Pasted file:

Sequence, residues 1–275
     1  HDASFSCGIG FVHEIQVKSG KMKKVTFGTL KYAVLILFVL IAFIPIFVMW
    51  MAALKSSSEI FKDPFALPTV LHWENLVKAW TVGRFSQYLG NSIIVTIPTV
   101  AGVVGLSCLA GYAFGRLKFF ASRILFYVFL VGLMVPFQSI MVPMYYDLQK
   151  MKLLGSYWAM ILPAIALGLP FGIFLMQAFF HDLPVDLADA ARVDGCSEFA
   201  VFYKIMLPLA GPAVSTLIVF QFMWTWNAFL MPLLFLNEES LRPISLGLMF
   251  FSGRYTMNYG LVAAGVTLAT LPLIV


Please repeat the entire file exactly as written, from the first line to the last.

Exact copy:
Sequence, residues 1–275
     1  HDASFSCGIG FVHEIQVKSG KMKKVTFGTL KYAVLILFVL IAFIPIFVMW
    51  MAALKSSSEI FKDPFALPTV LHWENLVKAW TVGRFSQYLG NSIIVTIPTV
   101  AGVVGLSCLA GYAFGRLKFF ASRILFYVFL VGLMVPFQSI MVPMYYDLQK
   151  MKLLGSYWAM ILPAIALGLP FGIFLMQAFF HDLPVDLADA ARVDGCSEFA
   201  VFYKIMLPLA GPAVSTLIVF QFMWTWNAFL MPLLFLNEES LRPISLGLMF
   251  FSGRYTMNYG LVAAGVTLAT LPLIV